• donnasimone

    Some good points made here Vick! Especially, we are parents but that’s not all we blog about. Very very true. BTW the blog is looking fab – lovely and clean and loads so much faster now! x

    • vegemitevix

      That’s the point really. It’s not that we aren’t ‘mummies’ even though some of us are past the ‘mummy’ stage, it’s that even as Mummy Bloggers we don’t just write about being a mummy. Thanks for your comments about the blog, lean and fresh was what I was going for. Vix x

  • http://bloggertropolis.blogspot.com/ Steve

    I think if you blog then “blogger” should suffice! The cynic in me worries that as soon as we start attaching labels to ourselves those labels are then quickly used as excuses to dismiss our views and opinions by lazy journos and such like.

    • vegemitevix

      Exactly what I’ve been wittering on about my dear ‘Daddy Blogger’ friend. :-p At best labels can be descriptors, at worst they box us in. I agree completely.

  • MidlifeSinglemum

    Dear Mummy Blogger does indeed sound patronizing so just write back: Dear Daddy PR (or Dear Mummy PR – depending on the name), thank you for your email….
    And at the bottom: P.S. You may not be a Mummy (Daddy) but I’m sure it makes no difference either way to your work as a PR.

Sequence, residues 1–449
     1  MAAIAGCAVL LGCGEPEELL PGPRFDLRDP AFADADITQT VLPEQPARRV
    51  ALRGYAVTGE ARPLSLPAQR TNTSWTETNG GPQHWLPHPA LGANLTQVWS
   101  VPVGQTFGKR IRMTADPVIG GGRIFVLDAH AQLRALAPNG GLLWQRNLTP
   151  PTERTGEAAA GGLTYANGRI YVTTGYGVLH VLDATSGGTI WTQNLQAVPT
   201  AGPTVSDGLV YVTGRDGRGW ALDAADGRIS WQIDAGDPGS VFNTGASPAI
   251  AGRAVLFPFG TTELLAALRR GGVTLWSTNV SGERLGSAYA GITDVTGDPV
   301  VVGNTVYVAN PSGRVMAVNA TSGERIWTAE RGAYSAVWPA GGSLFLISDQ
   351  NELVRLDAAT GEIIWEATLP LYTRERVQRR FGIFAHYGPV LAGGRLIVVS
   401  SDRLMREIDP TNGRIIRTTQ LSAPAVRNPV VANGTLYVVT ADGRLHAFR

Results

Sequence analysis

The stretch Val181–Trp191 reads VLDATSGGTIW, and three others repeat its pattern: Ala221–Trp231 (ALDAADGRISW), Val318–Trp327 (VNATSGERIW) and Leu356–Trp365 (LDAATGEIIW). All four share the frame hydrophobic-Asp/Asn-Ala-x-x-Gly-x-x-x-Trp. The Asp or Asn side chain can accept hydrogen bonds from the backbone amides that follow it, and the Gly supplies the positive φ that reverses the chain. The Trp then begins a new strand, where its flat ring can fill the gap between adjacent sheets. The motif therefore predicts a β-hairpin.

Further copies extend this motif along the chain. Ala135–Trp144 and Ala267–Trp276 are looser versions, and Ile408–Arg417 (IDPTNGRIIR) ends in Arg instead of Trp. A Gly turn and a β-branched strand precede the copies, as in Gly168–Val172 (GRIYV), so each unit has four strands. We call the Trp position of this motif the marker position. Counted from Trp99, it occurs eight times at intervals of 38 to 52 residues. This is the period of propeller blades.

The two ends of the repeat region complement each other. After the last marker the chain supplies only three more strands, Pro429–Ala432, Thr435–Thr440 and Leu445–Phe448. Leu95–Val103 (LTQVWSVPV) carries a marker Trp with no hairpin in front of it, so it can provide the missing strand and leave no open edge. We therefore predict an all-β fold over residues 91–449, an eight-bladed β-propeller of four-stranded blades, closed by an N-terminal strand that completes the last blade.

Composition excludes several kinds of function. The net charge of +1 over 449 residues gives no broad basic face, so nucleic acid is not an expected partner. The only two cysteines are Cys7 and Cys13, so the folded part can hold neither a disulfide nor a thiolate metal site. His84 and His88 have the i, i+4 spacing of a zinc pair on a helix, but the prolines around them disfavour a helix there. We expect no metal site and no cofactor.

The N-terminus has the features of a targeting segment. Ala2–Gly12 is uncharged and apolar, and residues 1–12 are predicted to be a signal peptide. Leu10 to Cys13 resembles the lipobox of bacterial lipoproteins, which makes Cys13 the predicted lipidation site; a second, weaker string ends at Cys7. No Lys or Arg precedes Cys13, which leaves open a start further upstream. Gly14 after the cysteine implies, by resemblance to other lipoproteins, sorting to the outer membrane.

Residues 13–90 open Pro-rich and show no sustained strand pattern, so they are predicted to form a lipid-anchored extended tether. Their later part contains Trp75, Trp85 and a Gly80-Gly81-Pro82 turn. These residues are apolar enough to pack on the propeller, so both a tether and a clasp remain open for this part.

And sign it Blogger.

    • vegemitevix

      This is a brilliant reply actually. I might just do it. As you say it’s a bit one-dimensional this label thing eh.

  • vegemitevix

    Hi Anna, thanks so much for commenting and congratulations on taking over Kiwi Mummy Blogs. I’m a proud member of that fab network and have been for years now. You are absolutely right, it is important to not confuse label and content and that’s exactly what I was getting at. Being a ‘mum’ or ‘mummy’ blogger is a common denominator not a descriptor of our entire focus. As Steve said ^ in fact it’s not so much what the label is, but rather the fact that there is a label that can make make any approach feel dismissive. I too look forward to working together. Kiwi Mums rock! :-)